Community engagement of the higher education institutions: status, contours and strategies

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A university’s functions are like an umbrella, covering a diverse range of activities. In fact, the Latin term universitas means whole or totality. The scholarly republics of 16th century Europe were indeed organized as totalities and had limited interaction with the societies around them.
Modern universities are likewise supposed to be totalities; however, their activities are increasingly diverse and the surrounding societies complex, and the universities are expected to reflect and contribute to ever more complex surrounding societies. A major problem for universities all over the world is to find a fruitful way to deal with this growing diversity and complexity – a problem to which there are no simple solutions.
In modern societies, there is interplay between state and university, and, accordingly, a balance between governance and autonomy. The weighting between governance and autonomy differs from country to country, from university to university, and at a time with greater interaction between universities and societies, there is a need for further consideration, and even perhaps reevaluation, of the nature of this balance.
However, all kinds of educational providers interact with their surrounding societies. Sometimes these interactions are successful – sometimes they are not. In an Indian context, the Kothari Commission of 1966 formulated the need for interaction as follows:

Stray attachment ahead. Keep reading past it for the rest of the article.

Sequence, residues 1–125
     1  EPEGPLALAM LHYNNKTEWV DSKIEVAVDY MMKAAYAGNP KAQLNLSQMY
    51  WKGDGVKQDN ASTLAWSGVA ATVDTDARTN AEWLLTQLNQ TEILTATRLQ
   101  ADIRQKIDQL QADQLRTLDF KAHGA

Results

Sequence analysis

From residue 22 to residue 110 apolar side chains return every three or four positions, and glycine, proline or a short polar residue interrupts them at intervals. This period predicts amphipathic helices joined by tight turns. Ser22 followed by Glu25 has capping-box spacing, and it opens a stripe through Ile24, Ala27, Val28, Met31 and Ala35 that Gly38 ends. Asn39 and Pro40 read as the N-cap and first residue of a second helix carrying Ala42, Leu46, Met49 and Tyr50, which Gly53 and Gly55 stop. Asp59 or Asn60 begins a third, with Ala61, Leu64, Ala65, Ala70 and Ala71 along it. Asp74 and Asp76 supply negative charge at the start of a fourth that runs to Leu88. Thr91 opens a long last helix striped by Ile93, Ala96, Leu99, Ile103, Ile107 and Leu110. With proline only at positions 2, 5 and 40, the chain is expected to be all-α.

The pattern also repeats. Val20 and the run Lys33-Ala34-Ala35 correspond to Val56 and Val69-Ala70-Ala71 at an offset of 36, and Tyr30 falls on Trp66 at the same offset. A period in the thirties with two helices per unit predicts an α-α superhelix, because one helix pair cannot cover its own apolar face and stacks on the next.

- making education relevant to real life situations
- preventing the alienation of education from society
- developing a sense of responsibility towards society within education
- deepening teachers’ knowledge through wider exposure to real life situations.
This formulation reflects the situation in the 1960s where governments all over the world were discussing whether their national education systems were fulfilling their role in a changing society.
Philip H. Coombs, an American economist who had been part of the Kennedy administration and appointed director of the UNESCO International Institute for Educational Planning, summarized in 1968 many aspects of these discussions and proposed possible solutions in The World Educational Crisis: A Systems Analysis (1968).
In a parallel development, challenging the traditionally isolated and inward-looking role of the university (the ivory tower), in December 1965, the UNESCO General Assembly adopted a definition of Lifelong Education as:
…the animating principle of the whole process of education, regarded as continuing throughout an individual’s life from his earliest childhood to the end of his days, and therefore calling for integrated organization. The necessary integration should be achieved both vertically, throughout the duration of life, and horizontally to cover all the various aspects of the life of individuals and societies…
50 years later, is this definition still relevant? We think so.
Bidragets oversatte titelUniversitetsuddannelserne samfundsmæssige relationer
OriginalsprogEngelsk
UdgivelsesstedDelhi
ForlagIndian Books and Periodicals
Antal sider384
ISBN (Trykt)9788190512572
StatusUdgivet - 2017

    Forskningsområder

  • Higher education, Community Participation, Gender, Lifelong Learning, equality through education, Videregående uddannelse, Køn, Livslang læring

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